|Publication number||US7546691 B2|
|Application number||US 11/563,439|
|Publication date||Jun 16, 2009|
|Filing date||Nov 27, 2006|
|Priority date||Nov 27, 2005|
|Also published as||US20070119067|
|Publication number||11563439, 563439, US 7546691 B2, US 7546691B2, US-B2-7546691, US7546691 B2, US7546691B2|
|Inventors||Chester M Mackey|
|Original Assignee||Chester M Mackey|
|Export Citation||BiBTeX, EndNote, RefMan|
|Patent Citations (18), Referenced by (14), Classifications (11), Legal Events (3)|
|External Links: USPTO, USPTO Assignment, Espacenet|
This regular application for patent claims priority of provisional application No. 60/597,350, filed Nov. 27, 2005.
This invention is in the field of tools for construction, more specifically that of homebuilding tools, and still more specifically that of tools for holding and positioning workpieces. It is also in the field of measuring instruments, more specifically that of length measuring devices.
Many tasks in the construction trades are repetitive. One such task is the positioning of studs, for example nominal two-inch by four-inch (“2×4”) wall studs, evenly between the top and bottom plates of a wall. Typically this task is performed, in wood home building, by a carpenter who measures the required separation between a first installed stud and the next with a tape measure or the like, and marks the position along the top or bottom plate with a pencil. The carpenter then positions the stud at the mark and nails it into place. A carpenter may, alternatively, make templates for such repetitive spacing out of short pieces of lumber, cut to a length corresponding to a desired distance between the studs, each having nail tips protruding from one side so that it will temporarily stay in place when tapped against the top and bottom plates. When it is desired to position a stud at this distance apart from a vertical surface such as the last stud, the templates are tapped into position along the top and bottom plates with one end against the vertical surface, and the next stud is positioned against the opposite end of each template. This stud is then nailed into place, and the templates are removed for use in positioning the next stud.
The prior art contains a device specially designed for this purpose. U.S. Pat. No. 5,628,119 to Bingham, et al., teaches a pair of cooperating members that may be fixed together in a small number of discreet positions using cooperating holes, bolts, and wing nuts. The members thus form a rigid spacer of a selected length against which construction elements, e.g., studs, may be placed for securing into position. Similarly, U.S. Pat. No. 6,895,684 to Firth teaches a single member with multiple fixed spacers and a handle.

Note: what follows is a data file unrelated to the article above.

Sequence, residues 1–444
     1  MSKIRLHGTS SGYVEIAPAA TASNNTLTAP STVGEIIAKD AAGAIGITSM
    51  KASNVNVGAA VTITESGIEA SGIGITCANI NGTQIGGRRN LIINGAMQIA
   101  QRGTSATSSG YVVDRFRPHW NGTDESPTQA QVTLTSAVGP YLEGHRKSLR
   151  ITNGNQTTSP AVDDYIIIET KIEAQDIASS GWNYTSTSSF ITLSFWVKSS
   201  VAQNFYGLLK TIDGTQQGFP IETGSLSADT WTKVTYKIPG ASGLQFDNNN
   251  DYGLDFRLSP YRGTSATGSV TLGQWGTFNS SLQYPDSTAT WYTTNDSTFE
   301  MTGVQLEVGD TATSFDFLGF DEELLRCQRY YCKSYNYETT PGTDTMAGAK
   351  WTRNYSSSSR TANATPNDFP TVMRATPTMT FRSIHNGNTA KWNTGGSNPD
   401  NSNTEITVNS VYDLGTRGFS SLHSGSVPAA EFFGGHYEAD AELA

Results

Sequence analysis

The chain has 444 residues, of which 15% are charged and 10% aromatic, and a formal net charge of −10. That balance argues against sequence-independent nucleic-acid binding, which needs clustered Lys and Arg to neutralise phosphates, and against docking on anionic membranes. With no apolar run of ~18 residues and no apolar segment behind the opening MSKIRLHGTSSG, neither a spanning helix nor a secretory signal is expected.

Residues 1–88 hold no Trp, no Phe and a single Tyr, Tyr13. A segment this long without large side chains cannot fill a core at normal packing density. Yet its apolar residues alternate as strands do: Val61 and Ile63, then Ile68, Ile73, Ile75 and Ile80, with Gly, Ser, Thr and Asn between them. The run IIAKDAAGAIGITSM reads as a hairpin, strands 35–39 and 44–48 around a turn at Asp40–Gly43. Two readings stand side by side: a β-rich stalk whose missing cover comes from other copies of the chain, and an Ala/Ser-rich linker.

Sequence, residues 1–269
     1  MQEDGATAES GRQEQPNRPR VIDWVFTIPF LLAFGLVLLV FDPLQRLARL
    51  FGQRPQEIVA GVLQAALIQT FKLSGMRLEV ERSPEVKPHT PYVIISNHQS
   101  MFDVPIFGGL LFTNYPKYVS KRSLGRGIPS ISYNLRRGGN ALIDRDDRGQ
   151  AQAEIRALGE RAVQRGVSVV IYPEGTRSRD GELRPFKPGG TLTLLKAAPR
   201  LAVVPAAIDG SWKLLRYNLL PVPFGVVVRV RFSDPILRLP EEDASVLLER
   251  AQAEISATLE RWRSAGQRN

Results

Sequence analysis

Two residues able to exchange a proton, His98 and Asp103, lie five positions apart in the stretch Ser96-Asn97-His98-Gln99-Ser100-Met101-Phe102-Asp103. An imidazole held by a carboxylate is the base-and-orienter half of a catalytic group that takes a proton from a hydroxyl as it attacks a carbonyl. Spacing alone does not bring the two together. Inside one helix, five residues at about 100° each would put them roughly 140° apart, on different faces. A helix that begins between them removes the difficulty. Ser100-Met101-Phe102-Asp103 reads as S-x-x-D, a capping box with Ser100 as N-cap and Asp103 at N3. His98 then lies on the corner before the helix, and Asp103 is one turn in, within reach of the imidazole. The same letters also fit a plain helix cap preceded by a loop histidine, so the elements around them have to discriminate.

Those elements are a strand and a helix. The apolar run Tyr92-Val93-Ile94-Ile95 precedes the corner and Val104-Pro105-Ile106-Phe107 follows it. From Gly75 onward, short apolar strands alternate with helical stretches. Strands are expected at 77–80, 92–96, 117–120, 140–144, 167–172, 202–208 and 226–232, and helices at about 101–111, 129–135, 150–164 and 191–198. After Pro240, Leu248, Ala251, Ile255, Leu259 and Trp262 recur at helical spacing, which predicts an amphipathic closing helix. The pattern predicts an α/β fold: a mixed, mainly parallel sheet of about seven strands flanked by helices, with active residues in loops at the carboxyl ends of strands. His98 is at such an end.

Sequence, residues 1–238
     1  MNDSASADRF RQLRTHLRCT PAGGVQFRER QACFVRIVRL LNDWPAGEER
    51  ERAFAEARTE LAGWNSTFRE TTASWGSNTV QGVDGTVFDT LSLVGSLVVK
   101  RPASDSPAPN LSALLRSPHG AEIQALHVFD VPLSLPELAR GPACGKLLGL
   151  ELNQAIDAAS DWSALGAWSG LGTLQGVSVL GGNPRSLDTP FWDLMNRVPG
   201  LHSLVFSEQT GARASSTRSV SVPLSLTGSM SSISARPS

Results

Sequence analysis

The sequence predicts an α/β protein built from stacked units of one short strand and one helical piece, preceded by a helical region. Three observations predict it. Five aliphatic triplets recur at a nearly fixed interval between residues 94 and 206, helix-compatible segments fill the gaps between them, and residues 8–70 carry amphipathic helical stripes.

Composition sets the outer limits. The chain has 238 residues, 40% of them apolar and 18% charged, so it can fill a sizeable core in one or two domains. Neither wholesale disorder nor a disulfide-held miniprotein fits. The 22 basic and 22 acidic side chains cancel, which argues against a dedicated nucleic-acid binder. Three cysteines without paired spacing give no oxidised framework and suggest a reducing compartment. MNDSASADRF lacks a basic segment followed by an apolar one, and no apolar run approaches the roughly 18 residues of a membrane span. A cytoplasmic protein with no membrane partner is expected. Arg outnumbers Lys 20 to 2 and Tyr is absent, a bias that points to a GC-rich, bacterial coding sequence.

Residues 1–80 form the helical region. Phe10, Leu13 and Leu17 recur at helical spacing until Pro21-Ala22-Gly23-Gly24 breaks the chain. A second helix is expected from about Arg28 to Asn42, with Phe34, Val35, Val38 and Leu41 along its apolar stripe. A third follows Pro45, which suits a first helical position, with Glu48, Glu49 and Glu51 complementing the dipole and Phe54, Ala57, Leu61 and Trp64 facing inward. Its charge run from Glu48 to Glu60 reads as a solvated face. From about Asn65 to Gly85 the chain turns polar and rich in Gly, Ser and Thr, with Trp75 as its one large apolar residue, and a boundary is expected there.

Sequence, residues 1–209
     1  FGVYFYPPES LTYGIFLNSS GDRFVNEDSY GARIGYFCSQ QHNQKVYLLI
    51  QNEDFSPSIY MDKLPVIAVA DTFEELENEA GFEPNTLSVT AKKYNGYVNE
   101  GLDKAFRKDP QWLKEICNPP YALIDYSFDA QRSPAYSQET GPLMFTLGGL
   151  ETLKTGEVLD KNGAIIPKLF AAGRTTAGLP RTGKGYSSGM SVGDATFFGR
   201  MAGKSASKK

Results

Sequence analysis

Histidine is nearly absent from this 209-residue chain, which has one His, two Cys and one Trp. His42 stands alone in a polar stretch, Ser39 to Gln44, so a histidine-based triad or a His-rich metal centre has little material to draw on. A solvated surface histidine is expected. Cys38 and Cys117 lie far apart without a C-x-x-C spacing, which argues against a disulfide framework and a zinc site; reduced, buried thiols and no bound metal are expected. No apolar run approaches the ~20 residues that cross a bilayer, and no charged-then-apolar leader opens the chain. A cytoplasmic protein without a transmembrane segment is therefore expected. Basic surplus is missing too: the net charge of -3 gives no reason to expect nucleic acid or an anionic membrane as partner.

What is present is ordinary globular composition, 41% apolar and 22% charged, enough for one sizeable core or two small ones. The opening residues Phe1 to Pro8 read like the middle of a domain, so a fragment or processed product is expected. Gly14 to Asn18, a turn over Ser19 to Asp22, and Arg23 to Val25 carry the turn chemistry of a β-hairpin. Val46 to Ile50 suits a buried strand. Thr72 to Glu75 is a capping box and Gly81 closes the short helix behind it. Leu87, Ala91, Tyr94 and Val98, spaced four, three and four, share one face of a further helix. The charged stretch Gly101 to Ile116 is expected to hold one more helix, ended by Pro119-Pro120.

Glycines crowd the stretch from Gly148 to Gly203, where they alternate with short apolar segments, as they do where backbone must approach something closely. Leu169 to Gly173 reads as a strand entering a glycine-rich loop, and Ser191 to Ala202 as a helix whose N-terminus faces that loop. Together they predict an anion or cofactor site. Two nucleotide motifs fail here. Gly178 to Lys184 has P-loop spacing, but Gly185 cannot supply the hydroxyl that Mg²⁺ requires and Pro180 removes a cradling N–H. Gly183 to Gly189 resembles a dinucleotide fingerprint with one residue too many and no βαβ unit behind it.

While these inventions constitute improvements to the above wooden templates, they lack important features of the instant invention. The most important of these is that they do not take into account that most rows of studs, rafters, trusses, etc. begin with a spacing about three-quarters of an inch shorter than the rest. This is because oftentimes, wall studs and roof trusses are covered with four-foot-wide material such as gypsum board, plywood, or particle board. Typically it is necessary to have such a board begin flush with the leading edge of the first stud or truss and end at the centerline, rather than at the leading edge, of the fourth stud (assuming 16-inch centers) or third truss (assuming 24-inch centers). For this to happen, the spacing between the first and second workpieces must be, e.g., 15¼ inches rather than 16 inches. The instant invention satisfies this long-felt need to make slightly shorter spacing with a single, quickly re-adjustable tool. The present invention also provides many more possible separation settings, such as might be encountered in special (e.g., decorative) circumstances, and improved ability to establish perpendicularity of stud ends across a plate board. These and other distinguishing characteristics and advantages will be elaborated in the following description.
The present invention is a spacing tool for construction members such as wall studs, rafters, joists, and trusses. The invention comprises two sets of jaws mounted on a rigid elongate bar, the jaws being adjustable to provide repeatable spacing of any arbitrary distance between the jaw sets. When two pieces of lumber are inserted into the two jaw sets, they are positioned at the specified spacing.